An insomniac dad died after accidentally taking an overdose of a legal morphine-like drug he bought over the internet to help him SLEEP, an inquest has heard.
Tragic Jason Nock, 41, had FIVE times the fatal quantity of AH-7921 – which is NOT covered by the Misuse of Drugs Act – in his system.
The desperate dad, who had a one-year-old daughter Jemima, used the synthetic drug after years of being plagued by insomnia.
An inquest heard the computer technician was found dead at his home in Cradley Heath, West Mids., by his devasted partner Lea Maninang on August 17 last year.
He was rushed to Russells Hall Hospital in nearby Dudley, West Mids., where doctors battled to save him but he was pronounced dead later the same day.
Jason’s grieving partner Miss Maninang told the inquest Mr Nock ordered the drug online but insisted he was not an addict.
Breaking down in tears, she told the hearing: “He ordered it from the internet and they delivered it.
“I just found out about him taking these drugs when I moved in with him (in 2012).
“Just lately before he died he said it helped with his sleeping. Sometimes he took it, sometimes he didn’t.”
Dr Sixto Batitang, a consultant pathologist at the hospital, told the inquest tests showed Jason had 4.46mg of the drug per litre of blood in his system.
Dudley Coroner’s Court heard the usual fatal dose of the drug was between 0.81 and 0.99mg.
Dr Batitang told Wednesday’s hearing that AH-7921 was similar to morphine in its action and potency, adding: “The possibility of toxicity from this drug is really very high.”
Recording a verdict of accidental death, Black Country coroner Robin Balmain vowed to ask the Home Office to consider banning the substance.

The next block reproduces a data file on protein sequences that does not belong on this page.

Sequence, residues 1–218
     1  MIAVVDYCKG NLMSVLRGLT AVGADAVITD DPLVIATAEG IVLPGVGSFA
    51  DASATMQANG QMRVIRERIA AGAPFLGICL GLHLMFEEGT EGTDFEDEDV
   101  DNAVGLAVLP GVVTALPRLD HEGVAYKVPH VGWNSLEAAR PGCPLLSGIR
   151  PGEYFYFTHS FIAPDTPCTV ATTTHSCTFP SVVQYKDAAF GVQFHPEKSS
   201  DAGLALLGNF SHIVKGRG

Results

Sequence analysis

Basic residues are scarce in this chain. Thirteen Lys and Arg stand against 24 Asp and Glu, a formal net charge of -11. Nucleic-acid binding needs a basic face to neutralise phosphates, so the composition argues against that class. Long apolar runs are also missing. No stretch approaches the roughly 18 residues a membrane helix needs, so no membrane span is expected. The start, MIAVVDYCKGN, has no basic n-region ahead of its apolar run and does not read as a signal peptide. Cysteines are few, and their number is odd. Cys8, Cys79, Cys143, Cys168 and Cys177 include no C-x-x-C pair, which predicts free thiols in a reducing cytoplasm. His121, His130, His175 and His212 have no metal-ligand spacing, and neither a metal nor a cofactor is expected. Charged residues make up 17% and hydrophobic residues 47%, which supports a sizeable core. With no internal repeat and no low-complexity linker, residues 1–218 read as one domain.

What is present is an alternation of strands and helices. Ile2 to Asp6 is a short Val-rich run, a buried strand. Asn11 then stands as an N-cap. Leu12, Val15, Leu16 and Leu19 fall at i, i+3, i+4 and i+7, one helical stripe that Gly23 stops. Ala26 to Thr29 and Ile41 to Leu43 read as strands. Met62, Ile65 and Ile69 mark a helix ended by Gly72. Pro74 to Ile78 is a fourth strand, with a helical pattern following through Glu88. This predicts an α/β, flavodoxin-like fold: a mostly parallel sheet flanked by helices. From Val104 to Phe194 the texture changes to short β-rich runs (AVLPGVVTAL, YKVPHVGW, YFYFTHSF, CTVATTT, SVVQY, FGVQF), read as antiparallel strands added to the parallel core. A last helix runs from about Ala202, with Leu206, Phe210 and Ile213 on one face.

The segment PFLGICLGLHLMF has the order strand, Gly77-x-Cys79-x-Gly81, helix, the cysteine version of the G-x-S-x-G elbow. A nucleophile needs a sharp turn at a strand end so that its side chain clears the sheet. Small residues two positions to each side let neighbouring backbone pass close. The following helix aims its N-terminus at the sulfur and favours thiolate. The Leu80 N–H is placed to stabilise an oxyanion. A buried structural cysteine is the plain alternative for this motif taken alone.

He said: “This is tragic. It seems to me the problem with drugs that are not prescribed by a doctor and obtained through a pharmacist is that you don’t know what they are
“And perhaps more importantly, you don’t know how many to take and how regularly to take them before problems occur.
“I also propose to write to the Home Office about this case.
“I’m aware that obtaining drugs other than via prescription is very easy these days. It’s possible to obtain all sorts of substances via the internet.
“Even though it’s a big problem, I think it’s necessary that people like me draw to the attention of the Home Office what the problems are to see if anything can be done.
“Consideration might be given to making it illegal which it isn’t at the moment.”
It is not known which website Jason used to buy the drug but one site is offering AH-7921 for as little as £25.
The site – http://buyresearchchemicalz.
Users can buy 14 for £36, 21 for £28 or even 28 for £25.
The site says the drug was discovered in the 1970s by a team at British pharmaceutical manufacturer Allan and Hanbury’s.
It adds it is classified as an opioid analgesic with high addictive liability.
Opioids are medications that are derived from opium, which is collected from the seed pods of opium poppies.
Many synthetic opioids are used in the medical world for therapeutic use and can be used to manage pain safely and effectively.
But the site warns they can lead to side effects like nausea and vomiting with even a single large dose causing death.
Speaking from the couple’s home yesterday, Miss Maninang said: “Jason was my world. What has happened as devastated us all.”
Verdict: Accidental death